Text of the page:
African athletes and officials missing from the Commonwealth Games have been warned they'll be hunted down and deported for "taking the mickey" out of Australia.
Two Sierra Leone squash players and one Rwandan coach have been added to a growing missing list, and Home Affairs Minster Peter Dutton says they'll be shown scant sympathy when caught.
Eight Cameroon athletes, two Ugandans and potentially one Ghanaian are also missing from the Gold Coast Games.
"The compliance officers will be out there, I promise, tracking these people down and they'll be deported as quickly as possible," Mr Dutton said in an interview on Macquarie Radio on Thursday.
"These people and others that might have a similar objective need to hear this message very clearly: They aren't going to game the system."
The minister said the people on the missing list were "taking the mickey", noting their Games visas were valid until only May 15.
"If they don't want to be held in detention or locked up at the local watch house, they'd better jump on a plane before the 15th and comply with their visas conditions," Mr Dutton said.
The latest absentees include list Sierra Leone squash players Ernest Jombla and Yusif Mansaray, who didn't turn up for their scheduled match on Thursday morning. Their absence meant India's Ramit Tandon and Vikram Malhotra were handed a walkover in the Pool F clash.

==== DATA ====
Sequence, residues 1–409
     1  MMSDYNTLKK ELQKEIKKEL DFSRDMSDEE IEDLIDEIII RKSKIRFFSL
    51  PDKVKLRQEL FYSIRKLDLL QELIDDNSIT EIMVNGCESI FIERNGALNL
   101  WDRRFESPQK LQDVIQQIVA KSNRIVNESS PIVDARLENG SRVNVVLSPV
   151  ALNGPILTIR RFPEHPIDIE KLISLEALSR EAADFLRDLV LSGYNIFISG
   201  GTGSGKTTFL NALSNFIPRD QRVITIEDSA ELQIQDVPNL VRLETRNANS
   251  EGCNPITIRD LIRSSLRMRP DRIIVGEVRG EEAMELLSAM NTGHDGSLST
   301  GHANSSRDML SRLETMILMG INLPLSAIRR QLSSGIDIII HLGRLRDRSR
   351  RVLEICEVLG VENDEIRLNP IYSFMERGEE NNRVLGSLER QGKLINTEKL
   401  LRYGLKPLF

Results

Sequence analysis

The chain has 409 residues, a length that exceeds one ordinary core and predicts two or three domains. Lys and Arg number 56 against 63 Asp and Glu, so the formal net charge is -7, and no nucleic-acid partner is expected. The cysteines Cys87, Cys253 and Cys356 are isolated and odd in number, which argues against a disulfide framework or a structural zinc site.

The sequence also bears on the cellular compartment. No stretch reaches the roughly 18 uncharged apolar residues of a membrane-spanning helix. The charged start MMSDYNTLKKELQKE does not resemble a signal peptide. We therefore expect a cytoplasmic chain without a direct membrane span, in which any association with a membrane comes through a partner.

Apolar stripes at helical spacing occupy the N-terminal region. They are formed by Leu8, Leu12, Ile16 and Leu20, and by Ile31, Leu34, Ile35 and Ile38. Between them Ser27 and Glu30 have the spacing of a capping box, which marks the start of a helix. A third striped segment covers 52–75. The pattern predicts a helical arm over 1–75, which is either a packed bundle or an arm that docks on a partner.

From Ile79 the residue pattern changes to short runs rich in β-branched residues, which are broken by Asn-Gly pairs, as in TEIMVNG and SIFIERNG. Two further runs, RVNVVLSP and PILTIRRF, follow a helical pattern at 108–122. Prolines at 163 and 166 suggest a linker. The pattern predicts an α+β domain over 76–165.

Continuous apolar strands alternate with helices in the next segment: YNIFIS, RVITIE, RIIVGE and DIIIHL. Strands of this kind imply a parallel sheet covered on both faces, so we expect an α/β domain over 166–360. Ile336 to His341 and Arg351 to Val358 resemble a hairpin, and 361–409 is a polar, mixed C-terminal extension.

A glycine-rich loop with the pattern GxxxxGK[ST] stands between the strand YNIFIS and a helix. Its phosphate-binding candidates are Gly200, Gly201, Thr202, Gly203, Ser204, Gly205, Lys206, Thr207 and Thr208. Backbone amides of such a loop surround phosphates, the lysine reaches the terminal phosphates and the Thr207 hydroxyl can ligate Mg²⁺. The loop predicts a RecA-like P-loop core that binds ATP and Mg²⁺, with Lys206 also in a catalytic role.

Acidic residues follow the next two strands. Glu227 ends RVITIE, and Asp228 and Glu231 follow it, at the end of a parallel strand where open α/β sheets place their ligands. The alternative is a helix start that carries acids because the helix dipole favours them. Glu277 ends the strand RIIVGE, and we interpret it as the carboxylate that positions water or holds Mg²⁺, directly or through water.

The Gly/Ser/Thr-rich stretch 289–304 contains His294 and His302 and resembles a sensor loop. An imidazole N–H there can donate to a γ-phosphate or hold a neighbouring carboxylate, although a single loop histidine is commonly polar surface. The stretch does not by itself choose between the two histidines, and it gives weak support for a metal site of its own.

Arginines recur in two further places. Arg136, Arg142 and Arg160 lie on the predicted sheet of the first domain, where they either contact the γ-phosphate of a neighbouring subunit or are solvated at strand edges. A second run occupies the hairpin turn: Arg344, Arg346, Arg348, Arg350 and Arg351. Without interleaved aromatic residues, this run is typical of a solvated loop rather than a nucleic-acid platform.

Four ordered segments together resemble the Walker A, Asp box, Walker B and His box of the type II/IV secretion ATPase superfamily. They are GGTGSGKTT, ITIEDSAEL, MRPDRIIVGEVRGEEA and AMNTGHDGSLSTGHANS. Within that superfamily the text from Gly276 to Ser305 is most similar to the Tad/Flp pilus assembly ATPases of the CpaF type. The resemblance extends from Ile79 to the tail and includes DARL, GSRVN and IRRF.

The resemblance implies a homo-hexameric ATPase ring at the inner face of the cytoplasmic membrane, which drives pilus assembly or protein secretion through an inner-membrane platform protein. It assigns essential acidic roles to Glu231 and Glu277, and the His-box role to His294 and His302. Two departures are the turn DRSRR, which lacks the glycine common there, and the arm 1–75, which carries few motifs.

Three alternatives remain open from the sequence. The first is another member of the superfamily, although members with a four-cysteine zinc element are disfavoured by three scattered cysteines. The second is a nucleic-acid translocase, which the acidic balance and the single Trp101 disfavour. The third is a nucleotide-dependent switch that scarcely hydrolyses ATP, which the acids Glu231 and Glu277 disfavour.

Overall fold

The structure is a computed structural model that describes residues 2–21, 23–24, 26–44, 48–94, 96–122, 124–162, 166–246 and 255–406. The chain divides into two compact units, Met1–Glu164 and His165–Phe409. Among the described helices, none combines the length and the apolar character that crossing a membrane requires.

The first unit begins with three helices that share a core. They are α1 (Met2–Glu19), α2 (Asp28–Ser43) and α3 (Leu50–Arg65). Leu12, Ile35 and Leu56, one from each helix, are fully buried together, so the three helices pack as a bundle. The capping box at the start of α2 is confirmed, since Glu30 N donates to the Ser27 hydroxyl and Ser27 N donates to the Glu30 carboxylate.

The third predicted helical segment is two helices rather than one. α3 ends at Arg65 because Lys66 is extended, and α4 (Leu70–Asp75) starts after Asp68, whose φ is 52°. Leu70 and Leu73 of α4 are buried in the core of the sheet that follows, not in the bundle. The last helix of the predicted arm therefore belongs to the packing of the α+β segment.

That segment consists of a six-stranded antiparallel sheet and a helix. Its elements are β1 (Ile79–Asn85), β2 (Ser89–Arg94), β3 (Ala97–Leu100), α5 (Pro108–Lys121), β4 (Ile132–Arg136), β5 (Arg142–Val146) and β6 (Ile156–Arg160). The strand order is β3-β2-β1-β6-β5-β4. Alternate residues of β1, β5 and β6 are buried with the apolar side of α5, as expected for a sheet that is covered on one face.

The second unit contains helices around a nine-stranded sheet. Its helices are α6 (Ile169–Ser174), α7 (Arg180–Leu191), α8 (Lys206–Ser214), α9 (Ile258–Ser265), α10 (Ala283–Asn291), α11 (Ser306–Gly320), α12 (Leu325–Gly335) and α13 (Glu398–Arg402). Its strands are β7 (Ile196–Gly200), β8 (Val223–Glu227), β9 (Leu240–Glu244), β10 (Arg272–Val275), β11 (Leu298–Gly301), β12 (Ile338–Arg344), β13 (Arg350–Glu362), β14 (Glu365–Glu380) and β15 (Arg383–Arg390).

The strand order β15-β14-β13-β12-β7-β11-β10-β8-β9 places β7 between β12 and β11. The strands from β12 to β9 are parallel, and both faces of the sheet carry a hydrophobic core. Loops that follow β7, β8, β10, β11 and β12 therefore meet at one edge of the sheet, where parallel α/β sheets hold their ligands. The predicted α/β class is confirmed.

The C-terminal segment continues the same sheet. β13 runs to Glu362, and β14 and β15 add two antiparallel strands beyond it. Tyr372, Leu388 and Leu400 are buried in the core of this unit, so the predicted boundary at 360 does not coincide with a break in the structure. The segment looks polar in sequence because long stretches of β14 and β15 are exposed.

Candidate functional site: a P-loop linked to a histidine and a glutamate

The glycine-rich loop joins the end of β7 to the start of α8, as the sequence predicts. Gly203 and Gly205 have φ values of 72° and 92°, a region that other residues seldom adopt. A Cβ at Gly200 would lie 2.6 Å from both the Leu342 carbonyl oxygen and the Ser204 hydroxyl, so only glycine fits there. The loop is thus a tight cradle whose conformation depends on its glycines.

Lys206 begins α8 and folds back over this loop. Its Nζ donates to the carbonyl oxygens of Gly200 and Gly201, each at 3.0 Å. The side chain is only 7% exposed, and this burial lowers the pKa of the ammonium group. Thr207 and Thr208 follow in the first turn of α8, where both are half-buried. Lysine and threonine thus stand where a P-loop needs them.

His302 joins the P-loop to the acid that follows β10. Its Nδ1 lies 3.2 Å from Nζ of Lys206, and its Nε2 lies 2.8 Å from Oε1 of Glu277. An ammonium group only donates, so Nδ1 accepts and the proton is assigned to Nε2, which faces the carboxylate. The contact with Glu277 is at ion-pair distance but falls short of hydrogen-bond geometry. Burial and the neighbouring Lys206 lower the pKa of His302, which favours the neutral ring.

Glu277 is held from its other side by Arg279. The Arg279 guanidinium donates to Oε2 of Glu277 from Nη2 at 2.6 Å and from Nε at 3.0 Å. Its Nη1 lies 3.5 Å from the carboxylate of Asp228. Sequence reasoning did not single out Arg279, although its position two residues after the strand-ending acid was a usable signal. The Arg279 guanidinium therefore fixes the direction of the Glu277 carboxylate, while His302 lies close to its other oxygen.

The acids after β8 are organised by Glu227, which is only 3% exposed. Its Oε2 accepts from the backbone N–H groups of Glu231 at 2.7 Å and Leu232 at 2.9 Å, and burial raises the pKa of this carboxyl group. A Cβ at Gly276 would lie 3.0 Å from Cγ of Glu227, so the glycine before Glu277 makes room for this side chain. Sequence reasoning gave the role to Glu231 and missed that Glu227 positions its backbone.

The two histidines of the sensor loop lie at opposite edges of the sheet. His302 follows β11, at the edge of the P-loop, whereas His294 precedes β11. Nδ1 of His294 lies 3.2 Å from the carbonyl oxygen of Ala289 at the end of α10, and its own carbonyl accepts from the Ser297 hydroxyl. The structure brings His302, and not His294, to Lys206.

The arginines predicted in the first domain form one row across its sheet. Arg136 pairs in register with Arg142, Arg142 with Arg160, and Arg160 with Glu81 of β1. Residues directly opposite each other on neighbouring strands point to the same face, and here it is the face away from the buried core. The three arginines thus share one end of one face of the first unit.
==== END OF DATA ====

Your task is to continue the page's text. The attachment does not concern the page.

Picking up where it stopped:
The Africans previously had missed their scheduled match against Welsh pair Peter Creed and Joel Makin on Tuesday, but Sierra Leone officials insisted both were still at the Athletes Village and had merely confused the times of their events.
And Rwandan para-powerlifting coach Jean Paul Nsengiyuma hasn't been sighted since competition in Carrara on Tuesday night, with his whereabouts unknown to his team and police.
"Up to now we don't know where he is," Rwanda's chef de mission, Eugene Nzabanterura, said about Nsengiyuma.
"We've declared it to the police and the administration of GOLDOC and we are still searching for him."
Mr Dutton said the Border Force would test any case in any of the missing athletes or officials claimed protection status,
Commonwealth Games chairman Peter Beattie said the athletes' visas allowed them to spend time enjoying Australia but they should return to their home country as scheduled.
"We encourage people to get a visa, come here and compete, stay a little while after, spend some money in this country, and then go home, and that's our position," Mr Beattie said on ABC Radio.